Thus, the first period is characterised by nations making their appearance at the dawn of capitalism; in Western Europe purely national states arose in which there was no national oppression, whereas in Eastern Europe multi-national states arose headed by one, more developed, nation as the dominant nation, to which the other, less developed, nations were politically and later economically subjected. These multi-national states in the East became the home of that national oppression which gave rise to national conflicts, to national movements, to the national question, and to various methods of solving this question.
The second period in the development of national oppression and of methods of combating it coincided with the period of the appearance of imperialism in the West, when, in its quest for markets, raw materials, fuel and cheap labour power, and in its fight for the export of capital and for securing important railway and sea routes, capitalism burst out of the framework of the national state and enlarged its territory at the expense of its neighbours, near and distant. In this second period the old national states in the West—Britain, Italy and France—ceased to be national states, i.e., owing to having seized new territories, they were transformed into multi-national, colonial states and thereby became arenas of the same kind of national and colonial oppression as already existed in Eastern Europe. Characteristic of this period in Eastern Europe was the awakening and strengthening of the subject nations (Czechs, Poles and Ukrainians) which, as a result of the imperialist war, led to the break-up of the old, bourgeois multinational states and to the formation of new national states which are held in bondage by the so-called great powers.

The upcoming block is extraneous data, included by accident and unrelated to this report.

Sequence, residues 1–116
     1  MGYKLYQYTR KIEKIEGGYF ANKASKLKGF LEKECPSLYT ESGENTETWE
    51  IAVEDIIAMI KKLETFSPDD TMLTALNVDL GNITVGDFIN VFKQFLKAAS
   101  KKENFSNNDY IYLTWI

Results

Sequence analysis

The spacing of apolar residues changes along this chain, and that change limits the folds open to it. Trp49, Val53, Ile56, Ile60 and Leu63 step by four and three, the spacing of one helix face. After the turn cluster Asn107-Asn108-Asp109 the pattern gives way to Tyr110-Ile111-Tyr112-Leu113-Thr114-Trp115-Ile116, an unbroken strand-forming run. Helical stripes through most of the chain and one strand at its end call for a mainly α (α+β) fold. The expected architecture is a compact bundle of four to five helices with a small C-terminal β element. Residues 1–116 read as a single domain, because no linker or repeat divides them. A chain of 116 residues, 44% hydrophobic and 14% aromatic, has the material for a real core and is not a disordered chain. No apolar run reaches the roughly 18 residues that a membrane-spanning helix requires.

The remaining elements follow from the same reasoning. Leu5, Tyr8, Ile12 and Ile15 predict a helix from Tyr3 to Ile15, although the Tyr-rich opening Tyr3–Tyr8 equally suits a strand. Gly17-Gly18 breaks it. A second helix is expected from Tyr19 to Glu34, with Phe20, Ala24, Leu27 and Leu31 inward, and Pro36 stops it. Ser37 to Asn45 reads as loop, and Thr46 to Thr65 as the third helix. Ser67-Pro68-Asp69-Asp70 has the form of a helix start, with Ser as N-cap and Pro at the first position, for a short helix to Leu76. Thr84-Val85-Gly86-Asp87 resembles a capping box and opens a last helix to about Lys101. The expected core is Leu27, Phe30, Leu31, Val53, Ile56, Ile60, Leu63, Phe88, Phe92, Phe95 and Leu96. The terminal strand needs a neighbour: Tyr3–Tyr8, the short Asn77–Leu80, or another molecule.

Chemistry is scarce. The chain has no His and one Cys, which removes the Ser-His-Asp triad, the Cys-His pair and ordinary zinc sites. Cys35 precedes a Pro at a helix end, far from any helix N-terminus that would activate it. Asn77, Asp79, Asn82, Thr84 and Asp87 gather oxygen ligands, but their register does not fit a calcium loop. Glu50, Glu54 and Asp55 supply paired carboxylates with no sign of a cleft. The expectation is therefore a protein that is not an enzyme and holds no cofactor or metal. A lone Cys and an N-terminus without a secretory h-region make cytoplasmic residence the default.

The third period is the Soviet period, the period of the abolition of capitalism and of the elimination of national oppression, when the question of dominant and subject nations, of colonies and metropolises, is relegated to the archives of history, when before us, in the territory of the R.S.F.S.R., nations are arising having equal rights to development, but which have retained a certain historically inherited inequality owing to their economic, political and cultural backwardness. The essence of this national inequality consists in the fact that, as a result of historical development, we have inherited from the past a situation in which one nation, namely, the Great-Russian, is politically and industrially more developed than the other nations. Hence the actual inequality, which cannot be abolished in one year, but which must be abolished by giving the backward nations and nationalities economic, political and cultural assistance.